IUE object classes are integers in the range 0-99 whose meaning you can display within a search by using the object class search query's help (i.e. "?"). If you want to search on more than one class at a time, separate them by one or more commas, blanks or semicolons , or enter them on separate lines.

EXAMPLE: Search for pulsars and supernova remnants.


|OBJECT CLASSES 0 - 29 | |0 Sun |10 WC |20 B0-B V-IV | |1 Earth |11 WN |21 B3-B5 V-IV | |2 Moon |12 Main Sequence O |22 B6-B9,5 V-IV | |3 Planet |13 Supergiant O |23 B0-B III-I | |4 Planetary satellite |14 Oe |24 B3-B5 III-I | |5 Minor planet |15 Of |25 B6-B9,5 III-I | |6 Comet |16 sd O |26 Be | |7 InterplaneL medium |17 WD O |27 Bp | |8 Giant red spot |18 |28 sdB | |9 |19 UV-strong |29 WDB| |
| OBJECT CLASSES 30 - 59 | |
30 A0-A3 V-IV |40 F0-F9 |50 R,N,S TYPES | |31 A4-A9 V-IV |41 F3-F9 |51 Long Period Variable| |32 A0-A3 III-I |42 Fp |52 Irregular Variable| |33 A4-A9 III-I |43 Late-type degen.stars |53 Regular Variable| |34 Ae |44 G IV-VI |54 Dwarf Novae | |35 Am |45 G I-II |55 Classical Novae| |36 Ap |46 else K IV-VI |56 Supernovae| |37 WDA |47 K I-III |57 Symbiotic Stars| |38 Horizontal Branch |48 M dwarf |58 T Tauri | |39 Composite |49 M I-III |59 X-ray | |
|OBJECT CLASSES 60 - 79 | |
60 Shell Star |70 Central Star of PN || |61 Eta Carinae |71 Planetary Nebula || |62 Pulsar |72 H II Region || |63 Nova-like |73 Reflection Nebula || |64 Stellar objects |74 Dark Cloud || |(others) |(absorption spectrum) || |65 misidentified |75 Supernova Remnant || |66 Interacting Binaries |76 Ring Nebula || |67 |77 || |68 |78 || |69 Herbig - Haro object |79 || |
|OBJECT CLASSES 80 - 99 | |
80 Spiral Galaxy |90 Intergalactic Medium || |81 Elliptical Galaxy |91 || |82 Irregular Galaxy |92 || |83 Globular Cluster |93 || |84 Seyfert Galaxy |94 || |85 Quasar |95 || |86 Radio Galaxy |96 || |87 BL Lacertae object |97 || |88 Emission Line Galaxy |98 Wavelength Calibration || |(non Seyfert) |(NASA log) || |89 |99 NULLS & FLAT fields || | |(NASA log) || |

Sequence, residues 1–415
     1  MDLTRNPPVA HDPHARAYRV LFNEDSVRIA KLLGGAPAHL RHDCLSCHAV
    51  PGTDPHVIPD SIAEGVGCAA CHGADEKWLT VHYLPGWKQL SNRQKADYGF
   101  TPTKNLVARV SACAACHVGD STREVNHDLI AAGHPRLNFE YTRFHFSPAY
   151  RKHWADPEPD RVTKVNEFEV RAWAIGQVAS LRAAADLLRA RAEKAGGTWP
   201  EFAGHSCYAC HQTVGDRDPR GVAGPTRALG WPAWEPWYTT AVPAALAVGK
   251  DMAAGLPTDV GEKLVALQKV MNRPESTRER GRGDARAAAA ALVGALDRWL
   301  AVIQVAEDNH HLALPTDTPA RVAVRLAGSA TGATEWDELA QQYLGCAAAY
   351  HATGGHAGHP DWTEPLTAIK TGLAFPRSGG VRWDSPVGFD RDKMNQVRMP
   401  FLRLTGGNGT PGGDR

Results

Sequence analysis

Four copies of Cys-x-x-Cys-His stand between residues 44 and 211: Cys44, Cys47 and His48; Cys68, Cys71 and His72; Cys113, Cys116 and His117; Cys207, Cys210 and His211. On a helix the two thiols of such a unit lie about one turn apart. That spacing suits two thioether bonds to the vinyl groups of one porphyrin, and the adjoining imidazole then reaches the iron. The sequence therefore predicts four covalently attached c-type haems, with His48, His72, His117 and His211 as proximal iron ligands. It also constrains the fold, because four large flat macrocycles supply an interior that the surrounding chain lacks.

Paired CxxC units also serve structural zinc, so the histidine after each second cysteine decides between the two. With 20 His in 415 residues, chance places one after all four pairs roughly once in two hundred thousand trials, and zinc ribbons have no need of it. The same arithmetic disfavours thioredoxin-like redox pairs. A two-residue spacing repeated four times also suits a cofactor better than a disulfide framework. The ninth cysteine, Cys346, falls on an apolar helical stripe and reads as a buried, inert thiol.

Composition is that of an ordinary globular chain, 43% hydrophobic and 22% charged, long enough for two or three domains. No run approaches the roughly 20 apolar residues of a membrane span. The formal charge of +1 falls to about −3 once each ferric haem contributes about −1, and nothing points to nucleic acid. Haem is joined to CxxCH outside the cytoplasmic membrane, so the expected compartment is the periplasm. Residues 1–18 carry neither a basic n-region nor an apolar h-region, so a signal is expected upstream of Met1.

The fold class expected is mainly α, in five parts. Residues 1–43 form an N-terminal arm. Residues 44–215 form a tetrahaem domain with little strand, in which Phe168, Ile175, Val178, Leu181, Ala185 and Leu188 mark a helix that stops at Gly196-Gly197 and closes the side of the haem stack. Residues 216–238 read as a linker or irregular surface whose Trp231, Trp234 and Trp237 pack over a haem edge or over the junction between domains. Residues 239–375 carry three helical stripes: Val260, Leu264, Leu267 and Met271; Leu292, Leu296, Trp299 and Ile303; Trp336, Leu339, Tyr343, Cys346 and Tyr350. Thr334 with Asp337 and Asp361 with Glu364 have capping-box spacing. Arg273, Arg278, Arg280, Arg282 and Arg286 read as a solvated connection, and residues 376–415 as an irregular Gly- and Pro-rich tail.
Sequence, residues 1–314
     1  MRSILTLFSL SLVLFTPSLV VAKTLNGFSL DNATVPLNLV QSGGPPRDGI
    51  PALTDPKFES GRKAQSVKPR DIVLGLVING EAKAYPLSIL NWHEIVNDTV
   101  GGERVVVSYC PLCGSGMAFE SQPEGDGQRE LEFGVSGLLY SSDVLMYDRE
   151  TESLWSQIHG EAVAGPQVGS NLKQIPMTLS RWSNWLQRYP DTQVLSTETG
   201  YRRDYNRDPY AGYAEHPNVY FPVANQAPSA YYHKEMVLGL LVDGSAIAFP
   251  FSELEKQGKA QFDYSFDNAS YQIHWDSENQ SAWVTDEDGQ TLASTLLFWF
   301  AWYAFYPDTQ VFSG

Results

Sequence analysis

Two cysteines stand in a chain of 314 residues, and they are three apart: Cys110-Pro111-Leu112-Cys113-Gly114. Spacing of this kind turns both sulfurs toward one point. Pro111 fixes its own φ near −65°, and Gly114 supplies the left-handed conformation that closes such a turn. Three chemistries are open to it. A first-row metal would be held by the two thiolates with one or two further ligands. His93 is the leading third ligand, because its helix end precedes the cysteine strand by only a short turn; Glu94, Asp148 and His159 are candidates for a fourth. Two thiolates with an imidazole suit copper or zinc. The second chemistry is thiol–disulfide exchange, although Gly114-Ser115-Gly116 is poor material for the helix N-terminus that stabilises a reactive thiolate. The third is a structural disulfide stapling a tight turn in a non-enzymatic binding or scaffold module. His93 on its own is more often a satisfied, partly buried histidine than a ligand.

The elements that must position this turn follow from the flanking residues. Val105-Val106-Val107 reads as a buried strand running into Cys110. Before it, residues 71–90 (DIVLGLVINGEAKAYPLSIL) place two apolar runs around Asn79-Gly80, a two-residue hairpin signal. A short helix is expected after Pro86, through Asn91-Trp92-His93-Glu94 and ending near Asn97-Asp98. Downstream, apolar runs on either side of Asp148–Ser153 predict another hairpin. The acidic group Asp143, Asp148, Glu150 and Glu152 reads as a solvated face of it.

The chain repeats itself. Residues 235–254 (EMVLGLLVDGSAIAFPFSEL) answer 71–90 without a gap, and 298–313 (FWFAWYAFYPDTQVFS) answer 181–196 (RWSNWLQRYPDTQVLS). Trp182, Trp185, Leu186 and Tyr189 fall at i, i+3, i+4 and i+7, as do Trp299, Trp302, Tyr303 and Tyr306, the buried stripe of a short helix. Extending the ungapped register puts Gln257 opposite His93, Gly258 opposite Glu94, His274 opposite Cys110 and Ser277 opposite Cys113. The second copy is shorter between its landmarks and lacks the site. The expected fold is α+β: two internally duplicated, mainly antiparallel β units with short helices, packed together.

25   Search on homogeneous Object IDs

The IDs comprise a catalogue (one to four letters) followed by the object's ID within it. If the latter has two parts which are not a pair of celestial coordinates (e.g.. BD -17 4554), these must be separated by one or more spaces. Otherwise, do not insert blanks. Spaces between the catalogue and the ID are optional except for catalogues which are prefixed by AOO (Any Other Oblect) when a space is required after the catalogue.


  1. NGC6960 is equivalent to NGC 6960
  2. BD-17 4554 is equivalent to BD -17 4554 however BD-17 4554 is incorrect.

If you specify more than one ID to search on, it is preferable to put them on separate input lines, though you can enter them on a single line separated by commas or semicolons. Please note that unlike all the other search queries a space is not a request separator.

The catalogues ordered by their priority are as follows:

IUE |IUE Related (e.g.WAVECAL's) |HD |Henry Draper| |BD |Bonner Durchmusterung |CD |Cordova Dutchmusterung| |CPD |Cape Durchmusterung |V* |Variable Stars (Kukarkin)| |WD |White Dwarfs (Villanova Un.) |GD |Giglas White Dwarfs| |NGC |New General Catalogue |IC |Index Catalogue | |PK |Perek-Kohoutek (Plan.Neb.) |SK, AZV, LMC, SMC, FD |(Magellanic clouds)| |MRK |Markarian |QSO |Hewitt + Burbidge Quasar Catalogue | |MCG |Morphol. Cat. of Galaxies |ESOBE SO(B) |Uppsala Catalogue | |PG |Palomar Green Catabgue |ABCG |Abell Rich Clusters | |Z |Solar System |NOVA |Novae | |SN |Supernovae |AOO |Any Other Objects (AOO)| |

AOO is composed of catalogues not listed above plus those objects which could not be uniquely identified.

Note: Spaces are optional between the above catalogue IDs and their entry but mandatory between an AOO's subcatalogue and Its entry.